J. Meteor. Res.  2018, Vol. 32 Issue (3): 410-420 PDF
http://dx.doi.org/10.1007/s13351-018-7107-9
The Chinese Meteorological Society
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#### Article Information

GUO, Lianyi, Zhihong JIANG, and Weilin CHEN, 2018.
Using a Hidden Markov Model to Analyze the Flood-Season Rainfall Pattern and Its Temporal Variation over East China. 2018.
J. Meteor. Res., 32(3): 410-420
http://dx.doi.org/10.1007/s13351-018-7107-9

### Article History

in final form March 6, 2018
Using a Hidden Markov Model to Analyze the Flood-Season Rainfall Pattern and Its Temporal Variation over East China
Lianyi GUO1, Zhihong JIANG2, Weilin CHEN2
1. Key Laboratory of Meteorological Disaster of Ministry of Education, Collaborative Innovation Center on Forecast and Evaluation of Meteorological Disasters, Nanjing University of Information Science & Technology, Nanjing 210044;
2. Joint International Research Laboratory of Climate and Environment Change, Collaborative Innovation Center on Forecast and Evaluation of Meteorological Disasters, Nanjing University of Information Science & Technology, Nanjing 210044
ABSTRACT: The homogeneous hidden Markov model (HMM), a statistical pattern recognition method, is introduced in this paper. Based on the HMM, a 53-yr record of daily precipitation during the flood season (April–September) at 389 stations in East China during 1961–2013 is classified into six patterns: the South China (SC) pattern, the southern Yangtze River (SY) pattern, the Yangtze–Huai River (YH) pattern, the North China (NC) pattern, the overall wetter (OW) pattern, and the overall drier (OD) pattern. Features of the transition probability matrix of the first four patterns reveal that 1) the NC pattern is the most persistent, followed by the YH, and the SY is the least one; and 2) there exists a SY–SC–SY–YH–NC propagation process for the rain belt over East China during the flood season. The intraseasonal variability in the occurrence frequency of each pattern determines its start and end time. Furthermore, analysis of interdecadal variability in the occurrence frequency of each pattern in recent six decades has identified three obvious interdecadal variations for the SC, YH, and NC patterns in the mid–late 1970s, the early 1990s, and the late 1990s. After 2000, the patterns concentrated in the southern region play a dominant role, and thus there maintains a " flooding in the south and drought in the north” rainfall distribution in eastern China. In summary, the HMM provides a unique approach for us to obtain both spatial distribution and temporal variation features of flood-season rainfall.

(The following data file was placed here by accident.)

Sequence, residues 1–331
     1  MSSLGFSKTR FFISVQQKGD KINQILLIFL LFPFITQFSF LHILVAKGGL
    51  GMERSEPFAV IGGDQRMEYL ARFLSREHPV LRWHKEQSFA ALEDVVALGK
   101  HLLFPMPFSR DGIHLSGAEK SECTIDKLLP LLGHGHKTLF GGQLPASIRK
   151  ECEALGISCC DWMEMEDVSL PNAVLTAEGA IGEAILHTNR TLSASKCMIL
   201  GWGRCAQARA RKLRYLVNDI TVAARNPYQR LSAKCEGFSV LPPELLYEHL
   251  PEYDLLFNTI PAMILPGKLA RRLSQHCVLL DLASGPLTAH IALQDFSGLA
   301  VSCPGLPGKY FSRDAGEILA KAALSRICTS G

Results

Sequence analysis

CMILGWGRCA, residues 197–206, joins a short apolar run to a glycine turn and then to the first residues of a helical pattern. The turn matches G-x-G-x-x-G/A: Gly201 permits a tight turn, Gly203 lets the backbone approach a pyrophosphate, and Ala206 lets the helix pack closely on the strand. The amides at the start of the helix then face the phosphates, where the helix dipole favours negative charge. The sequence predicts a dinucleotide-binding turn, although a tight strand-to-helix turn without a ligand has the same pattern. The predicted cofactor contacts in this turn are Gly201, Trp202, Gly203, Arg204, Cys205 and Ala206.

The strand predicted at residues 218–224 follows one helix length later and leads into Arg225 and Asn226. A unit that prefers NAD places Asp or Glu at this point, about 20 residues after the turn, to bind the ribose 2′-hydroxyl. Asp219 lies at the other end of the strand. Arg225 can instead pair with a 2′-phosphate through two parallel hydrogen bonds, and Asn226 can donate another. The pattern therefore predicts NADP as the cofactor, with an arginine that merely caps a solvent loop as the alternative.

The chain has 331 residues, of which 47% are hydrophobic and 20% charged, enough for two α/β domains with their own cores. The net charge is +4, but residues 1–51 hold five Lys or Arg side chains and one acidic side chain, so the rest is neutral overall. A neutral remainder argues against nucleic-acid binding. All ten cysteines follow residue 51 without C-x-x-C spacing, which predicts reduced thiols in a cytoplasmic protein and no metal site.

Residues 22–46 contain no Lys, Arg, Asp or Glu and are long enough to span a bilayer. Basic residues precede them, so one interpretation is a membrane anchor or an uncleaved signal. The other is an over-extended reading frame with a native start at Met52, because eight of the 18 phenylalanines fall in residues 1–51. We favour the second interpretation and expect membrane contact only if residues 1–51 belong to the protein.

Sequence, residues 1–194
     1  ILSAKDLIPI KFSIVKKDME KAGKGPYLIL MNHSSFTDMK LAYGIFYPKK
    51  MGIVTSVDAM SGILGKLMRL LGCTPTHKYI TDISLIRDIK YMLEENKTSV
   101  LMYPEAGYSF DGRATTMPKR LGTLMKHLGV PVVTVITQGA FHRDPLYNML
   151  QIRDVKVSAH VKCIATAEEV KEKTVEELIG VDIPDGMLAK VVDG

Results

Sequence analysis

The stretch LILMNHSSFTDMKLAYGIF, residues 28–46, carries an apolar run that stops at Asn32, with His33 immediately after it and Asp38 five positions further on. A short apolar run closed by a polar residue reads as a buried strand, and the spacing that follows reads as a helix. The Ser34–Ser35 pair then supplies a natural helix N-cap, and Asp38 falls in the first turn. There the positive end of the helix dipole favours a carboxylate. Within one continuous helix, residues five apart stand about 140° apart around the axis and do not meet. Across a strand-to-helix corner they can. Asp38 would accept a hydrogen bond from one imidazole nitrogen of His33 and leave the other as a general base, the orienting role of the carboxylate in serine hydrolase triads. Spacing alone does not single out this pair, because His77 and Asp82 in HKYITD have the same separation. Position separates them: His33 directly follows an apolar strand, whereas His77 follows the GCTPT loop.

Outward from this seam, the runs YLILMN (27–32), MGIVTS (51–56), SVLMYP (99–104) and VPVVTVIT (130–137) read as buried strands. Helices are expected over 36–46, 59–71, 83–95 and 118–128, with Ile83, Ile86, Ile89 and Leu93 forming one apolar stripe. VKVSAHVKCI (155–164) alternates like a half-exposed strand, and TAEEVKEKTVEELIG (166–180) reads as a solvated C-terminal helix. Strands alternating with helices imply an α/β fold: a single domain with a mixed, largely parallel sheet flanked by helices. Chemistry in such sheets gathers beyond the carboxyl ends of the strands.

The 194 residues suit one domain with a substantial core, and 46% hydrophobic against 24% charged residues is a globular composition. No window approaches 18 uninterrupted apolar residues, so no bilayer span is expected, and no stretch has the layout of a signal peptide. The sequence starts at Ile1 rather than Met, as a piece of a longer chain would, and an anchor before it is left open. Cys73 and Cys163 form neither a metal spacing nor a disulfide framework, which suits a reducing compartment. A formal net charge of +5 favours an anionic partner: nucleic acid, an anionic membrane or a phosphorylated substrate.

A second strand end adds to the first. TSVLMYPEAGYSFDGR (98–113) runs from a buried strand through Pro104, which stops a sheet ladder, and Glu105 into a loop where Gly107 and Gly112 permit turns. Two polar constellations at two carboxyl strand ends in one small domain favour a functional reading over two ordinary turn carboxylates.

Key words: hidden Markov model (HMM)     rainfall patterns     flood season     rain belt propagation     interdecadal variability
1 Introduction

The monsoon rainfall over East China during the flood season shows strong interdecadal variability (Wang et al., 2002; Gao et al., 2014; He and Liu, 2016; Ren et al., 2017). In particular, rainfall patterns play a vital role in analysis of the precipitation variability, and are of great concern to forecasters and researchers. Many statistical techniques, such as empirical orthogonal function analysis (EOF), principal component analysis (PCA), and various cluster analyses, have been applied to describe precipitation patterns in different places of the world (e.g., Barnston and Livezey, 1987; Kulkarni et al., 1992; Wang et al., 1998; Golian et al., 2010; Venkatanagendra and Maligelaussenaiah, 2017). In particular, in as early as the 1980s, Liao et al. (1981) classified the precipitation in East China into three rainfall patterns, which remain widely recognized. Svensson (1999) used EOF to study the characteristic of dominant rainfall patterns in the upper reaches of the Huai river basin, China; subsequently, Kim et al. (2002) reported that the k-means (KM) clustering method appear more reliable than EOF especially for the synoptic climatology/composite techniques; however, Dikbas et al. (2012) showed that the performance of fuzzy c-means (FCM) clustering method was better than the KM method for identification of homogeneous precipitation regions. Additionally, it is noted that the KM and Ward’s clustering methods can lead to simi-lar classifications of the observations (Ramos, 2001; Soltani and Modarres, 2006). The above statistical techniques are also applied to explore the spatial and tempo-ral variability of rainfall patterns (Chen et al, 1995; Wang et al., 1998; Xu et al., 2000, 2005), which provide important references for the current climate prediction over East China during the flood season.